Bullet Time

There are many like it, but this one is mine.
There are many like it, but this one is mine.

My post yesterday included a little whining about why I can’t take my Lovely Wife shooting this weekend—I can’t find cartridges for my little .22-caliber target pistol due to the ongoing run on weapons and ammunition. Here’s more information about the scope of the shortages, from industry sources, relayed by a friend who keeps track of these things. He’s trying to dig out the original source of this report, and I’ll post that when he finds it, but it seems legitimate. If true, the situation is worse than I thought:

Smith & Wesson – Running at Full capacity making 300+ guns/day—mainly M&P pistols. They are unable to produce any more guns to help with the shortages.

 Ruger – Plans to increase from 75% to 100% in the next 90 days.

 FNH – Moving from 50% production to 75% by Feb 1st and 100% by March.

Remington – Maxed out.

Armalite – Maxed out.

DPMS – Can’t get enough parts to produce any more product.

COLT – Production runs increasing weekly…bottlenecked by bolt carriers.

LWRC – Making only black (fw – powder?) guns, running at full capacity…can’t get enough gun quality steel to make barrels.

Springfield Armory – Only company who can meet demand but are running 30-45 days behind.

Ammo – Every caliber is now allocated! We are looking at a nationwide shortage of all calibers over the next 9 months. All plants are producing as much ammo as possible with 1 BILLION rounds produced weekly. Most is military followed by law enforcement, and civilians are third in line.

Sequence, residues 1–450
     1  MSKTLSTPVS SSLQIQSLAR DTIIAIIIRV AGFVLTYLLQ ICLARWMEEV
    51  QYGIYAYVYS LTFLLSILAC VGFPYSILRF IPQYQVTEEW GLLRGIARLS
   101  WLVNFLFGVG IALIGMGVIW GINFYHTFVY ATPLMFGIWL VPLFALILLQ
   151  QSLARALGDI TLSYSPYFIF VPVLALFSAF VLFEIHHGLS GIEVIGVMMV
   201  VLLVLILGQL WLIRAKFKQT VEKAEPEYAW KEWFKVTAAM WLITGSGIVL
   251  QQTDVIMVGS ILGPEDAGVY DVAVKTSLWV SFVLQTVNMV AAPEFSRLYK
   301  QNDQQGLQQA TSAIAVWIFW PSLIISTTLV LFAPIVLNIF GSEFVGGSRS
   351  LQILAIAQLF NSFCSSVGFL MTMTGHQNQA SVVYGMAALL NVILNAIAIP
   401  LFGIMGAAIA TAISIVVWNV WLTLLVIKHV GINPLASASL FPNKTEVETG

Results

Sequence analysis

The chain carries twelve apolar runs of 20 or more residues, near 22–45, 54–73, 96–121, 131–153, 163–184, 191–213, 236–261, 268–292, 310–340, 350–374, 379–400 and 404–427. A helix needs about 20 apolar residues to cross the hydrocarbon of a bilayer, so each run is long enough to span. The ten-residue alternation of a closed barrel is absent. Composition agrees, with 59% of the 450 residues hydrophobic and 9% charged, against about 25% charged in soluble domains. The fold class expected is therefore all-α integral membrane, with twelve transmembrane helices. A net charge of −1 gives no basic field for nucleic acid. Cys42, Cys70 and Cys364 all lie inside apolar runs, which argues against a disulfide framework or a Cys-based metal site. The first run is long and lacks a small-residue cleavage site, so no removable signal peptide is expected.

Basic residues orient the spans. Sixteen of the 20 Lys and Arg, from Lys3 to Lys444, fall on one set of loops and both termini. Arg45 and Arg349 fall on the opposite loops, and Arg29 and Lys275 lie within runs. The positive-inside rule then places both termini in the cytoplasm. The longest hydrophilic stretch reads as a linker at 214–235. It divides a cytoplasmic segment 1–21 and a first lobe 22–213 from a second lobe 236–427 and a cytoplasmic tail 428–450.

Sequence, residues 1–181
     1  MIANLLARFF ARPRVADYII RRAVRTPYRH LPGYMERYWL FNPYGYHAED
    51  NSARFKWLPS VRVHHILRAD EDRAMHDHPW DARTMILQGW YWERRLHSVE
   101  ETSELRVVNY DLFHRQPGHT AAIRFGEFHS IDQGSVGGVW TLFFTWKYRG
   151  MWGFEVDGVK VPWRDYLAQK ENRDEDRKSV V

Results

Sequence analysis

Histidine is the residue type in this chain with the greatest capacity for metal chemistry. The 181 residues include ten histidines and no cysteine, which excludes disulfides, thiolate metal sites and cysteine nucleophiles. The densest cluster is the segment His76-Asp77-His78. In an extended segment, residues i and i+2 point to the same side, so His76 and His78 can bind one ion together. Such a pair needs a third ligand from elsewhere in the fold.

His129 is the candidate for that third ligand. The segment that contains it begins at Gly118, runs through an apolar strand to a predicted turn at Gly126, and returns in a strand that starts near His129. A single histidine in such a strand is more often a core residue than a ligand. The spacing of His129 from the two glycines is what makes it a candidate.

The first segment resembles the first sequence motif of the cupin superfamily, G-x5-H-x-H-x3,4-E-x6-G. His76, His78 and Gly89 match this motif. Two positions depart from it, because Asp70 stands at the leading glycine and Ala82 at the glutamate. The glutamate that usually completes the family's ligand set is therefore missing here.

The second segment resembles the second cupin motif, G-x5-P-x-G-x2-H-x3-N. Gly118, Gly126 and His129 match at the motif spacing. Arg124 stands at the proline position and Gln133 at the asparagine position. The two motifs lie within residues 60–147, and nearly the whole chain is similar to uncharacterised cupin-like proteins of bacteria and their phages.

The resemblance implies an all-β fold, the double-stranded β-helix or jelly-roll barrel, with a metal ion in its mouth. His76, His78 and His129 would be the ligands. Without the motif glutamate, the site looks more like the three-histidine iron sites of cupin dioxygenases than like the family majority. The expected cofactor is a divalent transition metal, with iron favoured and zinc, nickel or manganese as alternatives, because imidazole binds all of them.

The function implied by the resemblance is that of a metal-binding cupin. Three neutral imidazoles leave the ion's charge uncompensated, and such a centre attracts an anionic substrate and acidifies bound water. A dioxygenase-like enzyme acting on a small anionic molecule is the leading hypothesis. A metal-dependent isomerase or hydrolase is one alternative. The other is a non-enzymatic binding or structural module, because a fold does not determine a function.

MAGPUL – Behind 1 MILLION mags, do not expect any large quantities of magpul anytime soon.

RELOADERS – ALL Remington, Winchester, CCI & Federal primers are going to ammo FIRST. There are no extras for reloading purposes… it could be 6-9 months before things get caught up. Sorry for the bleak news, but now we know what to expect in the coming months. Stay tuned, we’ll keep you posted.

(fw – they’re talking about retailers here) …they didn’t know when they’d be getting anything back in stock, from magazines to rifles to pistols. Manufacturers were running full-bore, but couldn’t come close to keeping up with market demand. It wasn’t just the AR-15s, the AK-pattern rifles, the M1As, and the FALs that were sold out. It really hit me when I realized that the World War-era M1 Garands, M1 carbines, and Enfield .303s were gone, along with every last shell…Every weapon of military utility designed within the past 100+ years was gone.

PrimerNote the paragraph on reloaders. Do-it-yourselfers are out of luck in this situation as well. A primer is the little doodad on the cartridge’s posterior that ignites the gunpowder when struck by the weapon’s firing pin. This is not something the average Joe can manufacture. Cartridges for my .22 pistol are “rimfire,” a different design, and not reloadable. So—no primers, no bullets. Black-powder muzzleloaders might be better off, though I’m wondering about the state of percussion caps, another item that doesn’t lend itself to home brewing. I suppose they could go back to flintlocks…

The report ends with a grim assessment of the motivation behind the panic: “This isn’t a society stocking up on certain guns because they fear they may be banned. This is a society preparing for war.”

I don’t find myself agreeing with this opinion, because, well, Tickle Me Elmo…and Twinkies. I’m not trying to be flippant here, but nothing motivates the American consumer like telling them they can’t have something, and the run started when government officials began making serious noises about gun control.

Yes, there’s a legitimate threat to the Second Amendment lurking behind all this, but I think the federal government has as much chance of successfully enforcing any substantive restrictions on citizen ownership of guns and ammunition as they had enforcing a ban on bathtub gin. I do think the situation speaks to a pervasive loss of trust in the benevolence of our government, which is a sad thing—but if people are really prepping for war, what war, exactly, is it?

“Never take counsel of your fears.” — Thomas Jonathan “Stonewall” Jackson


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